Morning rituals are very powerful tools. Whatever your morning ritual consists of (whether it is meditation, stretching, running, quiet journaling or anything else), make sure it’s a positive experience. Avoid social media, the news or anything that’s likely to be triggering.

Don’t try and do too much too soon. It’s better to start with small mini-habits and build on them over time. We are all creatures of habit and those habits ultimately control our behavior more than we might like to admit. Creating good habits is very hard but so is breaking them.

Another incredibly powerful healing tool is exercise. When your body gets moving and releasing endorphins, you get a natural “high” and will feel better. Again, you don’t have to start big. Just a short run for a few blocks or some cardio in the morning can make a big difference. Making it a habit is the most important thing. You’ll probably find that it’s hard to get started but once you do, you’ll feel so much better. There are countless YouTube videos and blog articles about all kinds of different exercises. Find something you enjoy doing that also pushes you a little to get a little fitter each time.

Getting Support From Others

If you don’t have a large support group of friends and family, grieving can feel even more isolating. The feeling of being alone can be the worst part of grieving, but the reality is that there are countless others in the same situation as you. Getting outside of yourself and taking part in meetups, events or volunteering is a fantastic way of turning sadness into joy. Our well-being as humans ultimately depends on the connections we make with others and when we help others, we also help ourselves.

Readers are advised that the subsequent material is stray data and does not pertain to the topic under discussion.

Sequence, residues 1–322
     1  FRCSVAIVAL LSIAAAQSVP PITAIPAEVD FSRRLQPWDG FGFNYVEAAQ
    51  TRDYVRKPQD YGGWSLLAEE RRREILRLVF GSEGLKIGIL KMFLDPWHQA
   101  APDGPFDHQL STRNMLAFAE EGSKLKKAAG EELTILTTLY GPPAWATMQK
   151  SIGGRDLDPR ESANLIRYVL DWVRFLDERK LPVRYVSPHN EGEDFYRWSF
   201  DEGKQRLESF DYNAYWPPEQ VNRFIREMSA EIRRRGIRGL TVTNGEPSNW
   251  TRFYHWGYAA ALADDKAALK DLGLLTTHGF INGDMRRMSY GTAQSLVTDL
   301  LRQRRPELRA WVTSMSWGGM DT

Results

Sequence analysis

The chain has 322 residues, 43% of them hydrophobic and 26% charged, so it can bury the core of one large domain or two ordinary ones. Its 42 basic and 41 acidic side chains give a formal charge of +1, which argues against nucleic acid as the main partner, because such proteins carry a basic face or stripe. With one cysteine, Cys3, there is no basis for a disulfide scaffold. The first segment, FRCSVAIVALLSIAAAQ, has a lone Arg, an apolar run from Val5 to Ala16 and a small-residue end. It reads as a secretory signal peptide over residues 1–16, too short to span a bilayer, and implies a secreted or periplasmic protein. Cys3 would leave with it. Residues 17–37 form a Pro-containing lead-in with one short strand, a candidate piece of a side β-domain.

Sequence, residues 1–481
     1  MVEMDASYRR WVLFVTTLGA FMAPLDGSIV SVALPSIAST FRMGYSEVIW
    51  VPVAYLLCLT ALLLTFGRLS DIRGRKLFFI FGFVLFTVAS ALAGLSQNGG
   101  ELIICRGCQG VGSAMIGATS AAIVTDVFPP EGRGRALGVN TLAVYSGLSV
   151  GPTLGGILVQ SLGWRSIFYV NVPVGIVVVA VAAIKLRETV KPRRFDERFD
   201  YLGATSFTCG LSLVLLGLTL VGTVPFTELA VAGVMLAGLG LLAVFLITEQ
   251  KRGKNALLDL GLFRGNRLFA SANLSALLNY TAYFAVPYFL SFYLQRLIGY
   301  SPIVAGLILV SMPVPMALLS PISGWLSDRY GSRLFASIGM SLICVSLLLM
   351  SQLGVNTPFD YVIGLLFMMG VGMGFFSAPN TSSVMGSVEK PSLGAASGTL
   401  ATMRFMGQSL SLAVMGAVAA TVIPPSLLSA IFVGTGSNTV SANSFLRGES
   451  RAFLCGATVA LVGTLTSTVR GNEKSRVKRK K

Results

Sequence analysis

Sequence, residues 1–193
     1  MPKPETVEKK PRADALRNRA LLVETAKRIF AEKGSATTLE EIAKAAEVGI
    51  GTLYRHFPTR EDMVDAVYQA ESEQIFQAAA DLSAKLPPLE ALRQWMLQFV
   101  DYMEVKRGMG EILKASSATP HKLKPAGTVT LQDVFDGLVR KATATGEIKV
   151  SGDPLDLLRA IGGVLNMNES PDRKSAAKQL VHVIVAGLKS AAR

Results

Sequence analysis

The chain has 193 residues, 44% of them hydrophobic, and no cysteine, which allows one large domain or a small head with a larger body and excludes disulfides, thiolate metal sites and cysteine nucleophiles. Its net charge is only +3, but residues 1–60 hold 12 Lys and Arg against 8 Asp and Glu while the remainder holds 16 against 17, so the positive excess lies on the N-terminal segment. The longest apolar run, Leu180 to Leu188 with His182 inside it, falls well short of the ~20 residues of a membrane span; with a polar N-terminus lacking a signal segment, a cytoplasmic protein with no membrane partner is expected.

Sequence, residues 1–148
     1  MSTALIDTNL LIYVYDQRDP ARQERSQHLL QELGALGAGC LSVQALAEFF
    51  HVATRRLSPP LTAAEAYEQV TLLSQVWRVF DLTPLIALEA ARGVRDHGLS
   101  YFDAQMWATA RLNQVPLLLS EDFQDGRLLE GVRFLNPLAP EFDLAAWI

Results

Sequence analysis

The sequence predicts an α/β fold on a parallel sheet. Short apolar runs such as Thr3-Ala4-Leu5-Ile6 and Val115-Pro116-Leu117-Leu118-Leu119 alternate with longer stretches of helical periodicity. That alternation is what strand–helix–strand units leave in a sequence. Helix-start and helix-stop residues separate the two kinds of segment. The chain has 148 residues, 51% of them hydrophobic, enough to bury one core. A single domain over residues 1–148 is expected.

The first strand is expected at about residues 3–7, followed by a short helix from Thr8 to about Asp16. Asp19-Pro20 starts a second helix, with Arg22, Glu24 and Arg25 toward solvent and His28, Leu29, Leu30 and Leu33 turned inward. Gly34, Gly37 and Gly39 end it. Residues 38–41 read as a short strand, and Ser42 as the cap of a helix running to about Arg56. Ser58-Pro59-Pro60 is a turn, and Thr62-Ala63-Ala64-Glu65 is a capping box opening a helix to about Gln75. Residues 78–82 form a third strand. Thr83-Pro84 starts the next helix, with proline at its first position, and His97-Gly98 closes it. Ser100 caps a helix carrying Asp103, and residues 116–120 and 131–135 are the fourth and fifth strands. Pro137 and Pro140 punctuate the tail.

A little honesty can go a long way with people. If you feel comfortable doing so, you may want to say to others that you just lost someone close to you and are going through a difficult time. That takes a lot of courage to do but nearly everyone will be incredibly supportive and some people may then tell you about their stories of own grief. It’s easy to feel that you’re the only one in the world who’s feeling this way but everyone faces grief at some stage in life. Strangers can be turned into lifelong friends can be made with just a little openness and vulnerability.

Furry Friends

Considering the unconditional love they give us, it’s no surprise that so many people have pets. If you have the time to devote to caring for a pet and don’t have one, it’s definitely something to consider. Dogs, cats and other animals can be loving and joyful companions in our lives and ask for little in return.

Rescue animals can be the most loving of all. They seem to know that they’ve been rescued and will show it time and time again. It doesn’t hurt to take a visit to your local shelters to see if you fall in love with any animal needing to be rescued. When rescuing another creature, we can also be rescuing ourselves.

Moving Beyond Grief

There will naturally be very difficult days that you feel like you barely made it through. The key to working through grief is to feel those feelings deeply and eventually let them pass. You may sometimes feel as though life is getting better only to spiral backwards again. This is okay and perfectly natural to experience.

Remember that grieving is a process and it’s a different process for everyone. Give yourself time and you will experience happiness in life again. The difficult days will be tough but you are even tougher!